This article was originally published on Beef Central on 10 May 2022. It can be viewed here.
Environmental sustainability, biosecurity and costs of production. These are just some of the areas that grass-fed cattle producers want Cattle Australia, the proposed peak body for the sector, to focus on when it launches in July 2022.
These insights, along with many others, were gleaned from the recent public consultation period on Cattle Australia’s work priorities, which invited producers and industry stakeholders to have their say on what Cattle Australia’s national focus areas should be to ensure the new entity could represent their interests and support industry growth.
The consultation process resulted in a strong level of interest in Cattle Australia from producers and industry stakeholders, with broad producer reach achieved – notably through the Meat & Livestock Australia (MLA) databases, which allowed information to reach over 200,000 subscribers. The Restructure Steering Committee conducted numerous engagement activities, such as webinars, a nationwide advertising campaign in print and digital media, regular stakeholder briefing sessions, attendance at industry events and regular newsletters to support industry participation and engagement. These activities resulted in 200+ submissions and correspondence being submitted to Cattle Australia for consideration and close to 500 levy payers registering their interest in receiving regular updates on the new entity.
The public consultation period has done exactly what the Restructure Steering Committee intended it to do – it has helped raise awareness of Cattle Australia’s purpose, objectives, and remit, as well as unearth what grass-fed cattle levy payers require from their peak industry body to futureproof the industry. It has also reinforced the need for Cattle Australia, an organisation committed to providing a visible, unified, and influential voice for producers as well as clear leadership and direction for the broader grass-fed cattle industry. Producers have spoken and they want a peak body that offers inclusion, producer representation, and strong industry advocacy and this is what Cattle Australia has set out from the get-go to deliver.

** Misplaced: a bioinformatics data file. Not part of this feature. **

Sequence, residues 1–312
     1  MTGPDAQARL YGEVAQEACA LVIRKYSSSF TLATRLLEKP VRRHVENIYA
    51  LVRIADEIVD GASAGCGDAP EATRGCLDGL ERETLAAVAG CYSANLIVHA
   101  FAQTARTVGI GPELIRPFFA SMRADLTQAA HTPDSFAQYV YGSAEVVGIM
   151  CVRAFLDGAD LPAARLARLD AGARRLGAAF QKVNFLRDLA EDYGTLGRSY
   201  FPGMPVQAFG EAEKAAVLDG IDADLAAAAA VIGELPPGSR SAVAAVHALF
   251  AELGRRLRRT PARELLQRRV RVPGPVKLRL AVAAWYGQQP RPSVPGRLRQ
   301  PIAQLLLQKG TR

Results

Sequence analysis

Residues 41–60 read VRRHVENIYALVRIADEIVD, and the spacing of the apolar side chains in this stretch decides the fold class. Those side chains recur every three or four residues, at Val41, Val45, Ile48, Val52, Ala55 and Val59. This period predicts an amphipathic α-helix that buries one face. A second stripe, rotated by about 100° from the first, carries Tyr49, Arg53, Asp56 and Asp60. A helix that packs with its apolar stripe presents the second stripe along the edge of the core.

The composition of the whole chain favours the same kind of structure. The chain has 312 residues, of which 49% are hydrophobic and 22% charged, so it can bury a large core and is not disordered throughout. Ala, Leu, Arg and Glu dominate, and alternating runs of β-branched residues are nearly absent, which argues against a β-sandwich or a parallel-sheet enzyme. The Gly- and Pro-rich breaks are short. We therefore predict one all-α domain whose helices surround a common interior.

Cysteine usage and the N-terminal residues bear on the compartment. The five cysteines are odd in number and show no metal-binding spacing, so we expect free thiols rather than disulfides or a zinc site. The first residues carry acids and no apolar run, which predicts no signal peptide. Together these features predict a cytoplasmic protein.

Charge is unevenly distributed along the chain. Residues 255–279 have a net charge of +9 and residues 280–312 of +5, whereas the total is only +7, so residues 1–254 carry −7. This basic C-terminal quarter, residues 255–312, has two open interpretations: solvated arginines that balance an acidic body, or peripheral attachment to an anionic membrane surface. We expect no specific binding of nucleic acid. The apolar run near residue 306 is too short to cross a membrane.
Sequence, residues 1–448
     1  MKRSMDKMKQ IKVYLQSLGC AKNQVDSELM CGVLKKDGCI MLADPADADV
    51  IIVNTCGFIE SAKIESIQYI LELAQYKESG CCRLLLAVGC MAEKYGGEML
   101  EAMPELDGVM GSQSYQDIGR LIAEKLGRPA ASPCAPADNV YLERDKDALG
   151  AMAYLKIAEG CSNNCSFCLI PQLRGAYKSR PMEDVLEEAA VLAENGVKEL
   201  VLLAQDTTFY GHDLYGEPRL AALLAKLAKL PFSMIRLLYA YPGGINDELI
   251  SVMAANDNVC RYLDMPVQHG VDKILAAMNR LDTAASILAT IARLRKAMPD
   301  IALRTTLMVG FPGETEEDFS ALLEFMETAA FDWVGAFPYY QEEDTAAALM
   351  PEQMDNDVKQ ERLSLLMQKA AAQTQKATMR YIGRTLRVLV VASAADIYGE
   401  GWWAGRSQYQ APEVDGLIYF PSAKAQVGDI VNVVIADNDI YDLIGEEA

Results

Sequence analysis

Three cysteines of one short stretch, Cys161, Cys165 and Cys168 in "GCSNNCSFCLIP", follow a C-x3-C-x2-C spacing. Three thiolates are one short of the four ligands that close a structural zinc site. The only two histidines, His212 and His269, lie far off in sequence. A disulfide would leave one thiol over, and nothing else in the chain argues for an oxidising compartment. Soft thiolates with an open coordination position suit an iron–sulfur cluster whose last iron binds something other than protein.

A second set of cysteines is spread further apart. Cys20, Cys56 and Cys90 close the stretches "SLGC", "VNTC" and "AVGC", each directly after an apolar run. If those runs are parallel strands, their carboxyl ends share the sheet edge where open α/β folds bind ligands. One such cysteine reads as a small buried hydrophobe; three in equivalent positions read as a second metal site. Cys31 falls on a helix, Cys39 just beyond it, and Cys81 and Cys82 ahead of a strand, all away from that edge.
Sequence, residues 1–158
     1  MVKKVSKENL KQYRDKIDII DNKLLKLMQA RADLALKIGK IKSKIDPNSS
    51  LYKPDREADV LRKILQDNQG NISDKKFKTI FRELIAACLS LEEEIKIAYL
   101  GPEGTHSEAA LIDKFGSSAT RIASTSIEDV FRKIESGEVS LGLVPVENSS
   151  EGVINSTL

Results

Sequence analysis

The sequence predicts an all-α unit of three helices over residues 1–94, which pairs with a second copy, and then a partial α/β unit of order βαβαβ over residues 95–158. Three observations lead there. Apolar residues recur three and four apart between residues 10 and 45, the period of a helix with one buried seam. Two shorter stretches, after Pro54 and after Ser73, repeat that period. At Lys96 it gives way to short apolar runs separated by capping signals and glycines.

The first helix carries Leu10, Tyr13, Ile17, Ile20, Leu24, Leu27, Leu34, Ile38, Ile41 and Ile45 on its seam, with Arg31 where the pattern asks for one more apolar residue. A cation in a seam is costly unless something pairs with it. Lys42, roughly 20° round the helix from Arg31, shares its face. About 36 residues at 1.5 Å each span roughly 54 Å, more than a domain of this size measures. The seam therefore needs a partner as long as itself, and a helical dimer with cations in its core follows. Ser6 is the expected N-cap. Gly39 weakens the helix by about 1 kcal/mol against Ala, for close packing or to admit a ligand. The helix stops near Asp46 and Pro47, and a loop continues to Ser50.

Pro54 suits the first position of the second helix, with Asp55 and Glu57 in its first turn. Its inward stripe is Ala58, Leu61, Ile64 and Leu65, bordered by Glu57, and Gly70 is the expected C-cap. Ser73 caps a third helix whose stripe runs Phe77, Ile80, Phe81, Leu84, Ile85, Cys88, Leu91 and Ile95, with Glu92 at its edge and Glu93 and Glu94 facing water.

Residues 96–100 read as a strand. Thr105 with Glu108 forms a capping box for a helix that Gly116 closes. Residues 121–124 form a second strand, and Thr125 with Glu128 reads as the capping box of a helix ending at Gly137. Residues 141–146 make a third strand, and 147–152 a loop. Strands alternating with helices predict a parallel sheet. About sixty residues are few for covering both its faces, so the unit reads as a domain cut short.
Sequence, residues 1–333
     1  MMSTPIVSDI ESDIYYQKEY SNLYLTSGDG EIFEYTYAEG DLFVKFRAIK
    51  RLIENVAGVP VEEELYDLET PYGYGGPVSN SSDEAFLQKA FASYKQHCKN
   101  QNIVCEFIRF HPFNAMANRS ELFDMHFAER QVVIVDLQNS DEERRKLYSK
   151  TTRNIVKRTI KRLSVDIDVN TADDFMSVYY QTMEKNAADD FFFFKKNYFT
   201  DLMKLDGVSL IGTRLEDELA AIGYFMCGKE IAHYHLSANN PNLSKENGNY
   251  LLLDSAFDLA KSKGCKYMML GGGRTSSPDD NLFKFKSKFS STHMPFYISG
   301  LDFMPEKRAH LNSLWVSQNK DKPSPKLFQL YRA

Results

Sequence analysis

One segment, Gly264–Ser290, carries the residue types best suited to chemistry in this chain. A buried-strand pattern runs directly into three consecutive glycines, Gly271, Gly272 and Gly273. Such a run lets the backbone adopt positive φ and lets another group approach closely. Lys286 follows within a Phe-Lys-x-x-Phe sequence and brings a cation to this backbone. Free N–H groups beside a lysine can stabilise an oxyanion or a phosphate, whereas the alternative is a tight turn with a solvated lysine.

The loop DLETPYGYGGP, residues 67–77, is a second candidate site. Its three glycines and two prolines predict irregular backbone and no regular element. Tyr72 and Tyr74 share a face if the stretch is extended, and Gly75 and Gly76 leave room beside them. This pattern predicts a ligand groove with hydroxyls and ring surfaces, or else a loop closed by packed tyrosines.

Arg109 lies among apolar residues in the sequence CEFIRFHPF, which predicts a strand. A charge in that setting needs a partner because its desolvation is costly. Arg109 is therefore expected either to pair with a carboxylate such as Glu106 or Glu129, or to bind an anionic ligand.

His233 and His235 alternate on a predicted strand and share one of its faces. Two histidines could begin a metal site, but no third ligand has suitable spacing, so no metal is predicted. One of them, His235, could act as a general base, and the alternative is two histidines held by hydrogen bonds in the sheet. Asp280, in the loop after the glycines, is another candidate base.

The feedback received has been incredibly valuable to the Restructure Steering Committee, who have been using it to inform discussions on Cattle Australia’s organisational design, constitution, priorities, and funding model. Some key decisions made by the Restructure Steering Committee in relation to these areas include agreement on membership eligibility (all payers of the grass-fed levy will be members of Cattle Australia and entitled to a vote) and identification of membership categories (Cattle Australia will have Industry and Associate membership categories).
Submissions received during the public consultation and stakeholder engagement process will also guide the Restructure Steering Committee as it directs its attention to drafting the constitution, securing medium-term funding, and creating a database in collaboration with MLA and other industry groups to help facilitate democratic elections.
With the intended launch date of Cattle Australia rapidly approaching, the Restructure Steering Committee is also focusing on what the transition process will look like. The Restructure Steering Committee have identified a phased approach which means a Board transition process will be required between CCA and Cattle Australia post-1 July to allow time for the election process to be fully developed and implemented. Discussions with CCA on this process are ongoing but both parties agree that this is our one chance to realise a new peak body for the grass-fed cattle industry that represents the interests of all Australian cattle producers, so it’s important that we proceed carefully to ensure we get this right.
One of the members of the Restructure Steering Committee described the Committee’s role as being responsible for putting together all the different puzzle pieces to create Cattle Australia. I agree with this analogy, but in reality, there is added complexity, as some puzzle pieces aren’t always easy to identify, some change shape after you think you’ve put them in the right spot and others we may not even know about yet. This means that what fits well and looks right initially can, after further consideration, consultation, and observation, require reworking. Fortunately, the public consultation process has reinforced that we are working on the right puzzle, and we do have the right pieces – now, it’s just a matter of putting them together in a way that not only realises an influential, representative peak body, but also strengthens industry support, cements confidence, and builds long term respect and support for the new organisation. This is why, although the consultation period has closed, the Steering Committee will continue to liaise with stakeholders as the development of Cattle Australia progresses.
It is exciting to see Cattle Australia take shape and become a peak body that will allow the sector to elevate its national policy priorities and industry advocacy efforts and ensure grass-fed levies support grass-fed producers and a stronger grass-fed economy. On behalf of the Restructure Steering Committee, I would like to thank those who have submitted feedback on Cattle Australia during the consultation period. Your input is invaluable and will help us create an organisation that can achieve its mission of being the voice of grass-fed cattle producers, leading the cattle industry to a stronger, more sustainable future.